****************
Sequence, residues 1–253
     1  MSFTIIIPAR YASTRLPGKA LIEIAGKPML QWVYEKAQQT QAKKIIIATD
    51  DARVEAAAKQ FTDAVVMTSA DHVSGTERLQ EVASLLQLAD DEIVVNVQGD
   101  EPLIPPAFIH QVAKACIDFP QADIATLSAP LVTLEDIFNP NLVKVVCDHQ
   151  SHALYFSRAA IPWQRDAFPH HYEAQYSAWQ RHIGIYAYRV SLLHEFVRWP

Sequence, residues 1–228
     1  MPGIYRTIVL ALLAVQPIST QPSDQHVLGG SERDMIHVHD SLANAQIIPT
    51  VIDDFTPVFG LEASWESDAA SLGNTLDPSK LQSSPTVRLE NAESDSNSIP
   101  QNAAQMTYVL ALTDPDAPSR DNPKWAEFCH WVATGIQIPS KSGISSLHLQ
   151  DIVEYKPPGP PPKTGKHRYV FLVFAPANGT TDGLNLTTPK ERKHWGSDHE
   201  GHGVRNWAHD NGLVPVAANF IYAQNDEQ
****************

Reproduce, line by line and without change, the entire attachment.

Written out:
Sequence, residues 1–253
     1  MSFTIIIPAR YASTRLPGKA LIEIAGKPML QWVYEKAQQT QAKKIIIATD
    51  DARVEAAAKQ FTDAVVMTSA DHVSGTERLQ EVASLLQLAD DEIVVNVQGD
   101  EPLIPPAFIH QVAKACIDFP QADIATLSAP LVTLEDIFNP NLVKVVCDHQ
   151  SHALYFSRAA IPWQRDAFPH HYEAQYSAWQ RHIGIYAYRV SLLHEFVRWP

Sequence, residues 1–228
     1  MPGIYRTIVL ALLAVQPIST QPSDQHVLGG SERDMIHVHD SLANAQIIPT
    51  VIDDFTPVFG LEASWESDAA SLGNTLDPSK LQSSPTVRLE NAESDSNSIP
   101  QNAAQMTYVL ALTDPDAPSR DNPKWAEFCH WVATGIQIPS KSGISSLHLQ
   151  DIVEYKPPGP PPKTGKHRYV FLVFAPANGT TDGLNLTTPK ERKHWGSDHE
   201  GHGVRNWAHD NGLVPVAANF IYAQNDEQ